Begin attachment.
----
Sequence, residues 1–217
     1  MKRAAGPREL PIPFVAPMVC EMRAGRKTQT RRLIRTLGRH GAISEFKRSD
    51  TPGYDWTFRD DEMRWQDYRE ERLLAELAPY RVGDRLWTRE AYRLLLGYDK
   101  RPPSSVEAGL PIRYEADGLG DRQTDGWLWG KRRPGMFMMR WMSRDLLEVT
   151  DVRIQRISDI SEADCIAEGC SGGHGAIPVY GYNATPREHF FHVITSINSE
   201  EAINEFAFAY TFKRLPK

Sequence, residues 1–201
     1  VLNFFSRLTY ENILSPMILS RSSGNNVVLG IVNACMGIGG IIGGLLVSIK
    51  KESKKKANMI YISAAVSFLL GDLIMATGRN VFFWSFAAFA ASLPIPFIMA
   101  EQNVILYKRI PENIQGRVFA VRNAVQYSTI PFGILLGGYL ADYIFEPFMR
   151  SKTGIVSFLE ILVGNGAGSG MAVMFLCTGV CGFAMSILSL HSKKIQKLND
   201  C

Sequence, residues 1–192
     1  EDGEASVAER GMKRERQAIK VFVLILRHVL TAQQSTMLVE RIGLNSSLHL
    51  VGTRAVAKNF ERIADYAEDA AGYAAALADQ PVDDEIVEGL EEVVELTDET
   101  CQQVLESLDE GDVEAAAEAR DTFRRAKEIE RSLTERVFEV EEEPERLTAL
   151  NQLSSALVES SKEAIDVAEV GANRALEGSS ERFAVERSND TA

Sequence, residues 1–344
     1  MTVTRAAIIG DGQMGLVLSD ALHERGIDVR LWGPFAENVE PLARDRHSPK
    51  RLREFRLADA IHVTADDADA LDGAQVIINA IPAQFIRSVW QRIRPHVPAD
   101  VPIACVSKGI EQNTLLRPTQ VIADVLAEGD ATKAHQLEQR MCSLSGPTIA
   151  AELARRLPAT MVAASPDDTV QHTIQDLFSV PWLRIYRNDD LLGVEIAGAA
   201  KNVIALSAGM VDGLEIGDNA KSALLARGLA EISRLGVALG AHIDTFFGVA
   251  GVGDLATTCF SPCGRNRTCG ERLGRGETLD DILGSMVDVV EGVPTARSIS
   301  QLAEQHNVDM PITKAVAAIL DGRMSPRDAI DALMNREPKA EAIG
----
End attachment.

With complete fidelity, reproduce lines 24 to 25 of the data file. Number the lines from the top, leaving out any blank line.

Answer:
   251  GVGDLATTCF SPCGRNRTCG ERLGRGETLD DILGSMVDVV EGVPTARSIS
   301  QLAEQHNVDM PITKAVAAIL DGRMSPRDAI DALMNREPKA EAIG